He moves silently in their midst with a gentle smile of infinite compassion. The sun of love burns in His heart, and power shines from His eyes, and their radiance, shed on the people, stirs their hearts with responsive love.
He holds out His hands to them, blesses them, and a healing virtue comes from contact with Him, even with His garments. An old man in the crowd, blind from childhood, cries out, 'O Lord, heal me and I shall see Thee!' and, as it were, scales fall from his eyes and the blind man sees Him. The crowd weeps and kisses the earth under His feet. Children throw flowers before Him, sing, and cry 'hosannah'. 'It is He -- it is He!' repeat. 'It must be He, it can be no one but Him!'
The dead child of seven years.
He stops at the steps of the Seville cathedral at the moment when the weeping mourners are bringing in a little open white coffin. In it lies a child of seven, the only daughter of a prominent citizen. The dead child lies hidden in flowers. 'He will raise your child,' the crowd shouts to the weeping mother.
The priest, coming to meet the coffin, looks perplexed, and frowns, but the mother of the dead child throws herself at His feet with a wail. 'If it is Thou, raise my child!' she cries, holding out her hands to Him. The procession halts, the coffin is laid on the steps at His feet. He looks with compassion, and His lips once more softly pronounce, 'Maiden, arise!' and the maiden arises.
The little girl sits up in the coffin and looks round, smiling with wide-open wondering eyes, holding a bunch of white roses they had put in her hand.
The Great Inquisitor passes the Cathedral.
There are cries, sobs, confusion among the people, and at that moment the cardinal himself, the Grand Inquisitor, passes by the cathedral.
He is an old man, almost ninety, tall and erect, with a withered face and sunken eyes, in which there is still a gleam of light. He is not dressed in his gorgeous cardinal's robes, as he was the day before, when he was burning the enemies of the Roman Church- at this moment he is wearing his coarse, old, monk's cassock.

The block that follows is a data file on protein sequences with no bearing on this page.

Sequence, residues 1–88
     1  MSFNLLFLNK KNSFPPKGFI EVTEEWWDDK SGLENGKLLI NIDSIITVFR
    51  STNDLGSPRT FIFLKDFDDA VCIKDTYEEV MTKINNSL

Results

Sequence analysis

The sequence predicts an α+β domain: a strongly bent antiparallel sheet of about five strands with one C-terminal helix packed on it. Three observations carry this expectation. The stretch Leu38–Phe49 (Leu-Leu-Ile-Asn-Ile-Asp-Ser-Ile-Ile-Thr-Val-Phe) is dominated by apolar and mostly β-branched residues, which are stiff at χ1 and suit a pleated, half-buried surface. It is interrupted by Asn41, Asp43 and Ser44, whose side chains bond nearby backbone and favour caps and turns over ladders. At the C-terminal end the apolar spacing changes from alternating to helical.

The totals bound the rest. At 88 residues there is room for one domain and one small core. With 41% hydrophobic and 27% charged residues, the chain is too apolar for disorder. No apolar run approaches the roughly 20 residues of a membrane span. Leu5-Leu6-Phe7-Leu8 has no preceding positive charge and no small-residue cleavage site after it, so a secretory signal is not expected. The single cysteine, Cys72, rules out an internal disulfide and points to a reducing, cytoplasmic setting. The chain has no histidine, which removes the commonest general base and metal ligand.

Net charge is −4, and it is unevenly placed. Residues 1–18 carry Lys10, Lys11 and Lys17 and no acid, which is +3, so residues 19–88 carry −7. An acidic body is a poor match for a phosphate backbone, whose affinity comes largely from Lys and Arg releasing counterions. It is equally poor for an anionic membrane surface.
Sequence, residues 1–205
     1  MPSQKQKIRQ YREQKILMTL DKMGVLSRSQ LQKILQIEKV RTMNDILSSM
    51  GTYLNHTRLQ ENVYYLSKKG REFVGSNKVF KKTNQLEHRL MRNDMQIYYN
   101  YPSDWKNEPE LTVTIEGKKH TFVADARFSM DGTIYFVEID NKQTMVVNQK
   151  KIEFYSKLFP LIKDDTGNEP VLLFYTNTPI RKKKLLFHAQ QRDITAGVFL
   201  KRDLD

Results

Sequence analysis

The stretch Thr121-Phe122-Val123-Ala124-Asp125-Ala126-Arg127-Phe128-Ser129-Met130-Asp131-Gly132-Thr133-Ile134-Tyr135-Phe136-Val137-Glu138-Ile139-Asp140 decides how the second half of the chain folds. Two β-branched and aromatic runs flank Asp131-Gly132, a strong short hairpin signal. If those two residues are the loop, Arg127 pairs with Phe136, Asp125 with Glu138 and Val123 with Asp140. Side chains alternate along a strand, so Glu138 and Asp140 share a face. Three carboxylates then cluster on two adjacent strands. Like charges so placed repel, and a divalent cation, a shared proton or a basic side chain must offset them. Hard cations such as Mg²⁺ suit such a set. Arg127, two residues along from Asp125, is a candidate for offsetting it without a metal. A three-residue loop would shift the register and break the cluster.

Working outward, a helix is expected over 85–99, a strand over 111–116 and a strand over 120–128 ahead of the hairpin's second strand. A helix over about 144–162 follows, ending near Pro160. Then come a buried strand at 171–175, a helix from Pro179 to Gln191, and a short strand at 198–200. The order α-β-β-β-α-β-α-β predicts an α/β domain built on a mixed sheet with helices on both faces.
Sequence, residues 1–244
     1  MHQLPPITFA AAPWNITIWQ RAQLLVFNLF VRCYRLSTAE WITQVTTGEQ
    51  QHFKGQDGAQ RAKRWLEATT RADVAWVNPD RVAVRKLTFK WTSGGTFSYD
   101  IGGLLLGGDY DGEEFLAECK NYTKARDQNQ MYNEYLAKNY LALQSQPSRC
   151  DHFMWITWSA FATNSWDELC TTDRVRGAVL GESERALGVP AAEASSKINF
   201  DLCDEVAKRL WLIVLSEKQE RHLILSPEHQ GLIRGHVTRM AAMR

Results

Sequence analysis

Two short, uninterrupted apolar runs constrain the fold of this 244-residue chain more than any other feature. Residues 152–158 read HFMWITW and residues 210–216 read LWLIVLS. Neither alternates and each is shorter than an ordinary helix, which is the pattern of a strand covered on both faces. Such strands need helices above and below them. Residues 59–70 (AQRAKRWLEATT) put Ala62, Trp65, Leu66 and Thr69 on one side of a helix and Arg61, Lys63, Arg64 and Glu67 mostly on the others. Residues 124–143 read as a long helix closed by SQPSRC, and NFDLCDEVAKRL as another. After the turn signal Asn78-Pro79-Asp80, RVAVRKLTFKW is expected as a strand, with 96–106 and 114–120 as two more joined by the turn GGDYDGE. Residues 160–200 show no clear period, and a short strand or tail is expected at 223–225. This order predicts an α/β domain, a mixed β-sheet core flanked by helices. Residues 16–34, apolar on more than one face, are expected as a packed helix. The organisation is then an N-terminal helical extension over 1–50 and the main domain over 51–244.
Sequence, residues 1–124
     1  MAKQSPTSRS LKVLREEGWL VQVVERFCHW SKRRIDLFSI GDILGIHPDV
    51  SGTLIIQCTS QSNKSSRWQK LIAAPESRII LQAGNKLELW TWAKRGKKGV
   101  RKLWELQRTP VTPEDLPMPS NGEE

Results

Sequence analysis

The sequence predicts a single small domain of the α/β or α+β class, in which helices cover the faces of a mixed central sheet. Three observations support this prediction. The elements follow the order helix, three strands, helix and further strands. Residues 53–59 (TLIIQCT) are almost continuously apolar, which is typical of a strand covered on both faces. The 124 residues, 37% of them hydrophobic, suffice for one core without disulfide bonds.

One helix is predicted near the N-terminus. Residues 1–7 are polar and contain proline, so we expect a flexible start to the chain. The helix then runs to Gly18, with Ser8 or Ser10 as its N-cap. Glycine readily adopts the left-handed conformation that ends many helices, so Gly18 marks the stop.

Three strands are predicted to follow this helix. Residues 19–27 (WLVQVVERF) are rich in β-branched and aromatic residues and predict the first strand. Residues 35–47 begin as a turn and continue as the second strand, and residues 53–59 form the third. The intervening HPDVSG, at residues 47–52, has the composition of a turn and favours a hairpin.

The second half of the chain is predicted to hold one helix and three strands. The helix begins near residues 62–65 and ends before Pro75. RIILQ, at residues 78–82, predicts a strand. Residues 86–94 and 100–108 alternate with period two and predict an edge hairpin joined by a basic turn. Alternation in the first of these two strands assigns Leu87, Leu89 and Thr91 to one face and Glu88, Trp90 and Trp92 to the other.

At a distance behind him come his gloomy assistants and slaves and the 'holy guard.' He stops at the sight of the crowd and watches it from a distance. He sees everything; he sees them set the coffin down at His feet, sees the child rise up, and his face darkens. He knits his thick grey brows and his eyes gleam with a sinister fire. He holds out his finger and bids the guards take Him.
And such is his power, so completely are the people cowed into submission and trembling obedience to him, that the crowd immediately makes way for the guards, and in the midst of deathlike silence they lay hands on Him and lead him away.
Jesus in the prison,
interrogated by the Great Inquisitor.
The crowd instantly bows down to the earth, like one man, before the old Inquisitor. He blesses the people in silence and passes on' The guards lead their prisoner to the close, gloomy vaulted prison -- in the ancient palace of the Holy inquisition and shut him in it.
The day passes and is followed by the dark, burning, 'breathless' night of Seville. The air is 'fragrant with laurel and lemon.' In the pitch darkness the iron door of the prison is suddenly opened and the Grand Inquisitor himself comes in with a light in his hand. He is alone; the door is closed at once behind him. He stands in the doorway and for a minute or two gazes into His face. At last he goes up slowly, sets the light on the table and speaks.
'Is it Thou? Thou?' but receiving no answer, he adds at once. 'Don't answer, be silent. What canst Thou say, indeed? I know too well what Thou wouldst say. And Thou hast no right to add anything to what Thou hadst said of old. Why, then, art Thou come to hinder us? For Thou hast come to hinder us, and Thou knowest that. But dost thou know what will be to-morrow?
I know not who Thou art and care not to know whether it is Thou or only a semblance of Him, but to-morrow I shall condemn Thee and burn Thee at the stake as the worst of heretics. And the very people who have to-day kissed Thy feet, to-morrow at the faintest sign from me will rush to heap up the embers of Thy fire. Knowest Thou that? Yes, maybe Thou knowest it,' he added with thoughtful penetration, never for a moment taking his eyes off the Prisoner.
Didst Thou not often say then, "I will make you free"? But now Thou hast seen these "free" men,' the old man adds suddenly, with a pensive smile. 'Yes, we've paid dearly for it,' he goes on, looking sternly at Him, 'but at last we have completed that work in Thy name. For fifteen centuries we have been wrestling with Thy freedom, but now it is ended and over for good.